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Get to know the Mauve family: Immigration

Introducing Mauve Group's Immigration department

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Over the past year, many have wondered what the future of immigration might be. With borders closed, and murmurings that remote or at least hybrid work might be here to stay, corporate immigration has undergone an unexpected and rapid transformation.

But far from struggling to place workers amid travel restrictions, Mauve Group’s Immigration department have never been busier. From monitoring changing government guidance and continuing to facilitate international applications, to helping displaced individuals get to their chosen destinations, our global team have quickly adapted to a world of restricted mobility.

In the latest of our celebratory 25th anniversary “Getting to Know…” departmental profiles, we delve deeper into the role of Immigration at Mauve Group and speak to the manager at the helm.

Managing a global function

Emma Prodromou heads up the Immigration department – a role she’s enjoyed for over 16 years.

Emma’s love of travel led her from the UK to Cyprus in 1996, where she learnt Greek as part of her career in the travel and tourism industry. In 2005, Emma joined Mauve to assist in contractor work permit applications for global infrastructure projects – the early foundation of Mauve Group’s Employer of Record solution.

Today, Emma’s position involves overseeing the ongoing immigration compliance for Mauve’s global workers – as well helping to develop new immigration solutions, and using her expertise to identify routes into country for different nationalities.


In a world of complex rules and, at times, bureaucracy, an immigration department with lengthy experience and proven embassy relationships is the gold standard of support. Emma explains why a one-size-fits-all approach rarely works in immigration:

“Working in the immigration dept is never dull and I can without doubt say that no two applications ever seem to run the same. Immigration policies are constantly evolving with global trends and situations, so it keeps me on my toes!”

Immigration: A day in the life

With a world of movement to manage, there is no such thing as a typical day in the Immigration office.

The team might find themselves preparing strong cases for visa and work permit applications, collating documentation and organising legalisations, apostillations and notarisations. The team also often support the worker’s family with residency permits and spousal visas, depending on the location of work. Once submitted, they monitor the application status and any upcoming renewals that need to be processed.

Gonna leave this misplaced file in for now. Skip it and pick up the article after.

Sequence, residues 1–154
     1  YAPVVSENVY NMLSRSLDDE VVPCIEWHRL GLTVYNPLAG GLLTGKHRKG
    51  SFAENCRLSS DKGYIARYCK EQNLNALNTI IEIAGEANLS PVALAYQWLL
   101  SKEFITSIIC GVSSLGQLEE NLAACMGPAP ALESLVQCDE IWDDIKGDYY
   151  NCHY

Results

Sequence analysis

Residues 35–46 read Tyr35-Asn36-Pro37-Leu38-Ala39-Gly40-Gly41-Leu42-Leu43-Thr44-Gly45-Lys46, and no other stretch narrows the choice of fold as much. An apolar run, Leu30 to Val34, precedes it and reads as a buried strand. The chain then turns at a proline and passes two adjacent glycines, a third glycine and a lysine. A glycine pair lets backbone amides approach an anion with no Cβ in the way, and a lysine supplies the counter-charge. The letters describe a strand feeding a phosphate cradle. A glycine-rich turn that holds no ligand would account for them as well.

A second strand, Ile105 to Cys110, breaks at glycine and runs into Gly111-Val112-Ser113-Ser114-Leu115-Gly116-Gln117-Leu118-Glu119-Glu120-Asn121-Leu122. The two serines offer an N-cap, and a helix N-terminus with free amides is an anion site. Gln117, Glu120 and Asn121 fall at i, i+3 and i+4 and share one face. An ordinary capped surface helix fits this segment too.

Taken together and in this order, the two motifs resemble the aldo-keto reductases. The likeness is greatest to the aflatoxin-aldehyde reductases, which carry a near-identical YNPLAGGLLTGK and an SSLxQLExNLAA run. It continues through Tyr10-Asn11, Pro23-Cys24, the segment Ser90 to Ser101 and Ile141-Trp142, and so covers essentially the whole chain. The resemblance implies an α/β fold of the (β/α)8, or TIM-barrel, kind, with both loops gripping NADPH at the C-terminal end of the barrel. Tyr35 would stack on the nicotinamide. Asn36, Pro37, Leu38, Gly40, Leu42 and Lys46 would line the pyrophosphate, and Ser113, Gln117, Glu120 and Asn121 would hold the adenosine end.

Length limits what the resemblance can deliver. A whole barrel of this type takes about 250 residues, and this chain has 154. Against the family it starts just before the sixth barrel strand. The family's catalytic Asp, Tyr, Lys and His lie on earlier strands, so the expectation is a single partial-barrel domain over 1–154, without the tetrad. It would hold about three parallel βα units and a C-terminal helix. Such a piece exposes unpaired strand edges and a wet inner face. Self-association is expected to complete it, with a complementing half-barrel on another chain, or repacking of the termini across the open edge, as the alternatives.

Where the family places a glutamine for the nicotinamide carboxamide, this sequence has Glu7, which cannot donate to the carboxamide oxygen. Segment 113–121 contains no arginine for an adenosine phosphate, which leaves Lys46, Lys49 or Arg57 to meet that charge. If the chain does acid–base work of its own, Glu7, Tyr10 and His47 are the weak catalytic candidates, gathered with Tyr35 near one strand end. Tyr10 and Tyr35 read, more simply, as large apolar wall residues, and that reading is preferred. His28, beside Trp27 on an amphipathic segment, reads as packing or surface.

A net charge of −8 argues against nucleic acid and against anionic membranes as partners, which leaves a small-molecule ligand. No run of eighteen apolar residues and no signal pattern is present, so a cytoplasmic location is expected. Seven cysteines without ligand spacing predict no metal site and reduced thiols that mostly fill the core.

Outside of visa application, the department is responsible for researching new visa types and keeping up-to-date on the latest immigration news from government authorities around the world. They prepare internal updates to ensure everyone at Mauve is kept in the know.

There is a need for strong communication skills, too. The immigration team liaise with workers or client HR personnel to explain processes, manage expectations, update on progress and obtain the right supporting documents. On almost a daily basis, they keep in close touch with Mauve’s country managers and in-country representatives to discuss localised cases.

The ability to develop strong relationships with consular officials is an important attribute for an immigration team member – even over the phone, the personal touch serves to speed up application timescales and can even improve the likelihood of approval.

On the commercial side, the Immigration team often work with Sales and Business Development to advise on the most attractive immigration proposals to prospective clients. They work with Research to put together solution packages, and Finance to ensure invoices are correctly raised.

The future of immigration

Over the course of her 16 years in the department, Emma has witnessed big shifts in the world of immigration. While globalisation has opened up international pools of talent and created a global marketplace, other factors such as socio- political instability, climate change and populist anti-immigration policies have slammed the door closed in some areas. In the context of COVID and Brexit, Emma explains that the only certainty in immigration is change:

“New challenges always arise and with a view to looking forward to the next couple of years, I’m excited to see how immigration policies and applications will change as the world settles – post Brexit and the Global Covid-19 pandemic.”

Thank you to Emma Prodromou for her contributions! To learn more about our Immigration services, click here. Keep up-to-date about our 25th anniversary celebrations via our blog, Twitter and LinkedIn.